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What Is More Important? Collecting Course Certificates or Skill Building?

What Is More Important? Collecting Course Certificates or Skill Building?

Unlike some traditional jobs, where you can simply complete an academic program or build your entire skill set after a few years in your trade, a programming career is never truly finished. Because technology is always evolving, and programming languages continue to emerge and evolve alongside new devices and platforms, even the most experienced programmers are always being pushed to learn new languages, techniques, and tools to stay ahead of the game.

This fundamental truth about programming is at the core of this week’s Ask SoloLearn question from the SoloLearn community. You want to know, “what is more important -- collecting course certificates or skill-building?” While an easy short answer is doing both, the truth is that building skills are actually a fundamental part of completing courses to receive certificates -- but skill building is also done outside of coding classes too.

What Are Course Certificates, And Why Are They Important? 

Much like a diploma can show that you’ve completed a specific academic program, or a welder’s certificate can certify you have the training and knowledge necessary to be a professional welder, you should think of course certificates as proof you can use to demonstrate your knowledge or experience when applying for programming work.

At SoloLearn, you receive course certificates for working through the tutorials, quizzes, and coding challenges that make up a specific language course -- such as the Python Core course or Data Science courses. Because a course certificate requires that you both learn about the fundamentals of different languages and apply those fundamentals to actual live code or coding challenges, the process of learning about the languages will naturally build your skill base for one or more languages.

However, even though SoloLearn’s courses are meant to put you into a great position to jumpstart your programming career, the truth is that there are some skills that can only be gained from actually writing code and building things.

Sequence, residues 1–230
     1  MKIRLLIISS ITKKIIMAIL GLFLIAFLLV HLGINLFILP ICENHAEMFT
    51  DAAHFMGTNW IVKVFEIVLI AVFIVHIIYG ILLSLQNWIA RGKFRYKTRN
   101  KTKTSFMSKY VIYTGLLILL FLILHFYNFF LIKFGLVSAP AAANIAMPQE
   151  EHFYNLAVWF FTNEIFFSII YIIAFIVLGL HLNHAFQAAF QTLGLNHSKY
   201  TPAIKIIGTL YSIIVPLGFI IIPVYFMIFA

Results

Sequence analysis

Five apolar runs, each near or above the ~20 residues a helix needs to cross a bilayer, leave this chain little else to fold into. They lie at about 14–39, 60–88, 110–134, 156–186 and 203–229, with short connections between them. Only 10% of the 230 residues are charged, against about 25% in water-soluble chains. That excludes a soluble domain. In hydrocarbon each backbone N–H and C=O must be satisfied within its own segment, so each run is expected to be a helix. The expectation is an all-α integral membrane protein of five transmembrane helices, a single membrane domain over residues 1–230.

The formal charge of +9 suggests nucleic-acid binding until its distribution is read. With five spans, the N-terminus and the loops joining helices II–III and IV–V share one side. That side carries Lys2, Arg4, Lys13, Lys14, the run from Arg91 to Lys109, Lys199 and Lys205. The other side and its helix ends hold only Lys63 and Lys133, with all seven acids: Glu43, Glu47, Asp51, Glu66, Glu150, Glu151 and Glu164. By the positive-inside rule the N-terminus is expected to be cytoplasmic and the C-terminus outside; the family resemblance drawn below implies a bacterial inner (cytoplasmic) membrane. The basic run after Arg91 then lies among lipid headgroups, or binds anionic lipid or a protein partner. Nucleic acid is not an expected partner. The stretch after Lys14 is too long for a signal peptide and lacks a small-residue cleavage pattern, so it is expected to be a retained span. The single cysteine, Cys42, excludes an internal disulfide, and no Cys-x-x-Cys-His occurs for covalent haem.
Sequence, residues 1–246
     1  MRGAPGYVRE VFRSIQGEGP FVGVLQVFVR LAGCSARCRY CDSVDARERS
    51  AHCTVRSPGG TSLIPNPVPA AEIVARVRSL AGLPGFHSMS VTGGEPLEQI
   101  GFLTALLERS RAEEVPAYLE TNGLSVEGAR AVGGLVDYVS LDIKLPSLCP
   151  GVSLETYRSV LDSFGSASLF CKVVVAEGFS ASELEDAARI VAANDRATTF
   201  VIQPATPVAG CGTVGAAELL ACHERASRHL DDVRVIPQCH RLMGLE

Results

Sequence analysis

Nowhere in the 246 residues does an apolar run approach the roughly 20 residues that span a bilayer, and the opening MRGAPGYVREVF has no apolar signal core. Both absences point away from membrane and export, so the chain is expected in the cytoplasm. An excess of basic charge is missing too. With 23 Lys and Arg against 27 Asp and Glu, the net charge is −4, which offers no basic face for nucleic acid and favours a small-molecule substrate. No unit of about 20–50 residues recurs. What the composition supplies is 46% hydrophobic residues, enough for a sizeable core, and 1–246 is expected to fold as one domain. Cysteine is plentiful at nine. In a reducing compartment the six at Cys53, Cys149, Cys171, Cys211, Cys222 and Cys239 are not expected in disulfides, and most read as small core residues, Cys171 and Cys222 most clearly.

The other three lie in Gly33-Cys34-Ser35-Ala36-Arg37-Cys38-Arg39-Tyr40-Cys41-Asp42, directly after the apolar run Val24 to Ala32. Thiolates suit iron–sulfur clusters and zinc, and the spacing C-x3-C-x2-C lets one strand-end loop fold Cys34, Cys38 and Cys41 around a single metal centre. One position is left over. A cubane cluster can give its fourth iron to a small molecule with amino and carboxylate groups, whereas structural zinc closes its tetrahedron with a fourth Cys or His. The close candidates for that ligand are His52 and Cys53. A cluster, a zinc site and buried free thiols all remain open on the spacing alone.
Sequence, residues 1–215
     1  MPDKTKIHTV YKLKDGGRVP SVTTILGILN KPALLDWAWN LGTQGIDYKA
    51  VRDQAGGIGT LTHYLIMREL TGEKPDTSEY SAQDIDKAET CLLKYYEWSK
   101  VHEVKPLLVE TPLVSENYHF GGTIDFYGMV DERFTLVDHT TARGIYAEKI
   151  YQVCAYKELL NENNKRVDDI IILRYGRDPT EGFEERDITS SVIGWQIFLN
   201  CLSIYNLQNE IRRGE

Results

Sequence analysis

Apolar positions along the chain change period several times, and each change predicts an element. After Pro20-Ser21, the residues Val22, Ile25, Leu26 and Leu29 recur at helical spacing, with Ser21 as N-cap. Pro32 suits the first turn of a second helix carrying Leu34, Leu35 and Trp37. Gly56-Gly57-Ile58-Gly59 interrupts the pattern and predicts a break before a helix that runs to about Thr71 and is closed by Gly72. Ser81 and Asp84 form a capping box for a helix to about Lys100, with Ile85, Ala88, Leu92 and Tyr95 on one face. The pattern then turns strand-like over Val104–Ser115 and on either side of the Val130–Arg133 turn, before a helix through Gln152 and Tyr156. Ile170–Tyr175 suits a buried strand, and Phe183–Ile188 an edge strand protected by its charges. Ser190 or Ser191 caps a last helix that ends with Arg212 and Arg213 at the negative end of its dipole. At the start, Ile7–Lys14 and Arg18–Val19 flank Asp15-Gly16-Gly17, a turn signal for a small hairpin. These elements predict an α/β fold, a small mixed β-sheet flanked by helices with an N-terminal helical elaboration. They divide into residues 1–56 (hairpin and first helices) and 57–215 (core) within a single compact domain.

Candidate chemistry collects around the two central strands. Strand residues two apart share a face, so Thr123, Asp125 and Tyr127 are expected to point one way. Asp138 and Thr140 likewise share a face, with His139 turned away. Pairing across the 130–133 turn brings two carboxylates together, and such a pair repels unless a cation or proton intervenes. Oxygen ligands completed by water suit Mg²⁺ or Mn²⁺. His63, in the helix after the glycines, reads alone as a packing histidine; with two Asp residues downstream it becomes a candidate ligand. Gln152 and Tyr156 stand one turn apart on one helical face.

What Are Other Ways To Build Skills Besides Completing Courses? 

Once you have finished a particular language course, the next step in skill building is to start working on an actual coding project -- either for yourself or as a hired developer for a company or startup that has a software need. Projects offer opportunities to add more talents to your repertoire because of their applied nature, such as:

Writing Code Collaboratively

While you may work alongside a fellow learner while taking a SoloLearn course or as you proceed through an academic coding program, working as part of a big development team for a corporation presents different challenges. From learning the value of documentation for your code, to having to jump into someone else’s code to fix bugs or build out more features, there are some elements of collaboration that you can’t add to your toolkit from a course alone.

Using Effective Tools For A Particular Language

Most coding classes focus on the fundamentals of learning a particular language, but many languages only reach maximum usefulness by including frameworks or specific tools that have been created to solve common problems (for example, the Rails framework that is very often used when writing code in Ruby). Learning about these tools (or other open-sourced products) often requires doing your own research, or learning from an experienced mentor or peer.

Finding Solutions To Bugs

While coding courses will often walk you through common bugs or challenges when using a specific language, the truth of the creative and ever-evolving nature of coding is that there are always new issues or bugs emerging (especially with so many different tech demands in fields from mobile apps to data science and everything in between). Learning to identify and fix these bugs on the fly comes from actual coding work.

Becoming A Full Stack Developer

Coding classes are certainly necessary to learn various languages for developing both back-end and front-end software, but learning how to integrate them often comes from your own experience building things. There aren’t many courses that will focus on different combinations of languages and how to integrate them (unless they are very similar), so this is another skill best learned outside of a course.

The bottom line is that both course certificates and external skill building are essential elements for your march toward becoming a higher-level software engineer. If you are a new programmer, compiling course certificates and focusing on the coding class side makes more sense -- you need to learn to walk before you can run, so to speak. However, once you have a good fundamental knowledge of a particular language, you will want to work with live code and start tackling different coding problems in real-world situations to truly broaden your skill set. So, like we said at the start, both collecting course certificates and skill-building are important for you to reach your goals as a developer!